Republicans believe that a bad economy works for them at election time. The thinking is that the public will turn on Democrats for not making things better. So they do what they can to make the economy bad. But maybe they went too far this time. This hostage-taking episode has done real, serious, lasting damage to the economy on top of the ongoing damage Republicans have been doing. Will the public still blame Democrats, or will they finally see what is going on here?
The Damage Last Time
Look what happened the last time (2011) Republicans threatened to force the country to default on its debts.
The 2011 hostage-taking hit jobs. In Debt-Ceiling Deja Vu Could Sink Economy Bloomberg reported that, "Growth in nonfarm payrolls decelerated to an average 88,000 a month during the three months of the debt-ceiling impasse, compared with an average of 176,000 in the first five months of 2011." Consumer confidence plunged to a 31-year low. The Conference Board's consumer confidence index fell from 59.2 to 44.5.
In November, 2012, the Bipartisan Policy Center released a "Debt Limit Analysis" estimating the costs of the 2011 hostage-taking:
The Government Accountability Office (GAO) issued a report detailing additional costs to taxpayers as a result of the 2011 debt limit increase
- A substantial cost to taxpayers stemmed from elevated interest rates on U.S. securities issued in 2011 prior to when the debt limit was increased in August
- GAO conducted an economic analysis to estimate the resulting change in interest rates
- For Fiscal Year 2011, GAO estimated additional interest costs to taxpayers of $1.3 billion
The cost of the event to the federal government, however, continues to accrue because many of the bonds issued during that period remain outstanding- Advertisement -
- BPC extended GAO's methodology to analyze the long-term cost to taxpayers stemming from the elevated interest rates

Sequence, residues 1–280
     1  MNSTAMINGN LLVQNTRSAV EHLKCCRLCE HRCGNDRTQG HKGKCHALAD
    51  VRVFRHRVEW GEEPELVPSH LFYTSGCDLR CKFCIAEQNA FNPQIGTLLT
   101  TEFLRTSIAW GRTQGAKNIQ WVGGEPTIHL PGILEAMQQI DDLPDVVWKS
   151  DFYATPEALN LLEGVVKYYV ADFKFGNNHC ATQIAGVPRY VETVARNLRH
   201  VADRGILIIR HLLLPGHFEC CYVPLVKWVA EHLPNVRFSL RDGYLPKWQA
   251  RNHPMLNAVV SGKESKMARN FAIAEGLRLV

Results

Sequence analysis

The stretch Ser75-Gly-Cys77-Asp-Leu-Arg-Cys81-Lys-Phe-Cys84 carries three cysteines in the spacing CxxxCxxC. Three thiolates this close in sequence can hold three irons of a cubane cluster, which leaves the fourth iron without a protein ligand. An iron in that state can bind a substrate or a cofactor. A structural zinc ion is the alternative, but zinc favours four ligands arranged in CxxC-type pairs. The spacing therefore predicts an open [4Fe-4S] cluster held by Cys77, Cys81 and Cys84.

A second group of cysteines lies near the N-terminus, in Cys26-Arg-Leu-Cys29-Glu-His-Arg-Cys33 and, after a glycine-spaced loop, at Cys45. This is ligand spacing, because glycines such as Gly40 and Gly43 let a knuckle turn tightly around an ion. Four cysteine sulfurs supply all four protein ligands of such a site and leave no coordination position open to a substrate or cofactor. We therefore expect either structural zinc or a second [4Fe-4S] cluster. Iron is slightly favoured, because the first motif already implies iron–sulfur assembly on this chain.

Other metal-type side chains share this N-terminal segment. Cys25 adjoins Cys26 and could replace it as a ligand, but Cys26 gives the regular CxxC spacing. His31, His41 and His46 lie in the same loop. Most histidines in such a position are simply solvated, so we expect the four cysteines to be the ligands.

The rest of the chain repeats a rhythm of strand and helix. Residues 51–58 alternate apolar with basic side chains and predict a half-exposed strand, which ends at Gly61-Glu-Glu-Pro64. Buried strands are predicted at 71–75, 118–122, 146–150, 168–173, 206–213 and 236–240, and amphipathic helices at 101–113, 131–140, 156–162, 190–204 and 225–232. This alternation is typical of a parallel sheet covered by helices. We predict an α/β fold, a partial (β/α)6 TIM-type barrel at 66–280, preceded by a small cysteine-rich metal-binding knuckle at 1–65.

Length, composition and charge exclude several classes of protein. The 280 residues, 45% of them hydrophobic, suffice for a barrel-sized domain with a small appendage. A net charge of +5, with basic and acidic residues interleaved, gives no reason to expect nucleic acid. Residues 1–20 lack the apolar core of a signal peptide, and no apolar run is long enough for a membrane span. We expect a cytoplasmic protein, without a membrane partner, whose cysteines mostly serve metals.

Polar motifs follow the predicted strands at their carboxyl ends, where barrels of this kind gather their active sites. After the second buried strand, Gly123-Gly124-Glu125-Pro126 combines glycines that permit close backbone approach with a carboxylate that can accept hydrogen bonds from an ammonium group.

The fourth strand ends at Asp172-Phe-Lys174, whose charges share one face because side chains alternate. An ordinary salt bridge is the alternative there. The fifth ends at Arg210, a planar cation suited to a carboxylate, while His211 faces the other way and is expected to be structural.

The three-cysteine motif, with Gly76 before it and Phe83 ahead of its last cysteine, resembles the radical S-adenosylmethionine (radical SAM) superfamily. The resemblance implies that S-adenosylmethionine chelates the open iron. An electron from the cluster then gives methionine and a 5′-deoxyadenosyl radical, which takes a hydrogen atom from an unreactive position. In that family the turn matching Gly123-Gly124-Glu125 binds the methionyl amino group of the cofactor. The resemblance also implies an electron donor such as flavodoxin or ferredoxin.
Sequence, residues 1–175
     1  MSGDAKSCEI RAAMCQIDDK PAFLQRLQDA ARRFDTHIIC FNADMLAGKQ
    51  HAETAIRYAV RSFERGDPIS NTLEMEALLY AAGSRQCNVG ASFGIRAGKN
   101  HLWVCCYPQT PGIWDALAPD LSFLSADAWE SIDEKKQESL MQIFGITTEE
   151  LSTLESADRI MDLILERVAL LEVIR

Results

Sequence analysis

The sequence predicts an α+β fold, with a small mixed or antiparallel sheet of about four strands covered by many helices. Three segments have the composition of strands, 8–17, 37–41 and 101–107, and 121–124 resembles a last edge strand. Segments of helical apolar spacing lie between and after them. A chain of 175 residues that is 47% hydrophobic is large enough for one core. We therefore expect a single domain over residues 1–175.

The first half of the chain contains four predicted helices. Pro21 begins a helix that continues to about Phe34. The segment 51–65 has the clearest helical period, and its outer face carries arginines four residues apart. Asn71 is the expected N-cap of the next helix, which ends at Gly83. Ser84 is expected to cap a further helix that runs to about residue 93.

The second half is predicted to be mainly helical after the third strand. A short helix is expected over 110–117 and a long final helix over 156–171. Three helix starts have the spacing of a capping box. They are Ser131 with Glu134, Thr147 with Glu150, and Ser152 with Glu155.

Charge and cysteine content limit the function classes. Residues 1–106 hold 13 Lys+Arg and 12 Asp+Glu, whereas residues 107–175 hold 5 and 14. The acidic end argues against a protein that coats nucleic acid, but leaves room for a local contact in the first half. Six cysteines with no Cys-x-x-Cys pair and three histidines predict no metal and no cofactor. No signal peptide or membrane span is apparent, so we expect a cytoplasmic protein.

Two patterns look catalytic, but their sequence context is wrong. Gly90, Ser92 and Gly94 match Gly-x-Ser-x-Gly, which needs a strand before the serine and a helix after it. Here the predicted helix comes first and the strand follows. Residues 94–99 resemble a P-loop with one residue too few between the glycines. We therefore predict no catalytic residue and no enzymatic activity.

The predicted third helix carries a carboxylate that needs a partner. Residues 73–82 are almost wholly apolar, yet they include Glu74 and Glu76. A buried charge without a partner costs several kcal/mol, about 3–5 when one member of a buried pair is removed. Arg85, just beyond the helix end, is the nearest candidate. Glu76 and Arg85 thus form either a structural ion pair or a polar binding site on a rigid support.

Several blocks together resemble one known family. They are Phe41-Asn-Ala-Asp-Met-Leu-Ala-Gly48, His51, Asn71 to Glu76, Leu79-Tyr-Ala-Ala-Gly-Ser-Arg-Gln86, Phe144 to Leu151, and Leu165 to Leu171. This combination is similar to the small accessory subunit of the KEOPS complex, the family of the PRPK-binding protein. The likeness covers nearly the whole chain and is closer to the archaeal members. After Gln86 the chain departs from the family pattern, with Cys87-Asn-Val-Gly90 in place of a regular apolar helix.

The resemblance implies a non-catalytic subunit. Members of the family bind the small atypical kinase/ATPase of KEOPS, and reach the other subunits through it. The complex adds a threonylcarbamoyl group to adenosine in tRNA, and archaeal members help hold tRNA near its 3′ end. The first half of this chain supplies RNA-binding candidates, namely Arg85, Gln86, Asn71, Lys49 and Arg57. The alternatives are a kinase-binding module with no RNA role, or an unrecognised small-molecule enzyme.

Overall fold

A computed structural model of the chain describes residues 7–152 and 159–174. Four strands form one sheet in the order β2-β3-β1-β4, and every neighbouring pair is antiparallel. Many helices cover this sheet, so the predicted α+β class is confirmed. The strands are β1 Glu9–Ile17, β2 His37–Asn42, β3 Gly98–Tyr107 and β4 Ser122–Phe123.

- Estimate of the ten-year cost to taxpayers of the 2011 debt limit standoff = $18.9 billion
- To put this in perspective, the Congressional Budget Office (CBO) estimates that the "Doc Fix" to prevent the scheduled 27% cut to Medicare physician payments for 2012 cost $18 billion over ten years
That is serious damage. And, of course, the 2011 fight resulted in a downgrading of the US credit rating.
(See also: Think Progress, CHARTS: How The Debt Ceiling Debacle Hurt The Economy)
The Damage This Time
In this hostage fight the immediate damage is much worse than 2011. Consumer confidence, for example, has plunged even more dramatically than during the last debt-ceiling hostage-taking. But these measurements were taken only a week into the fight.
Standard & Poor's ratings agency has done some early calculations of the damage and says, "the shutdown has shaved at least 0.6% off of annualized fourth-quarter 2013 GDP growth, or taken $24 billion out of the economy." Note the words "at least." This is an early estimate and does not count direct costs to government and costs to government contractors.
The NY Times today summarizes some of the damage from this hostage-taking, in Gridlock Has Cost U.S. Billions, and the Meter Is Still Running,
"Containers of goods idling at ports. Reduced sales at sandwich shops in downtown Washington. Canceled vacations to national parks and to destinations abroad. Reduced corporate earnings forecasts. Higher interest payments on short-term debt.
"Even with the shutdown of the United States government and the threat of a default coming to an end, the cost of Congress's gridlock has already run well into the billions, economists estimate. And the total will continue to grow even after the shutdown ends, partly because of uncertainty about whether lawmakers might reach another deadlock early next year."
One example of the damage from this fight -- just one...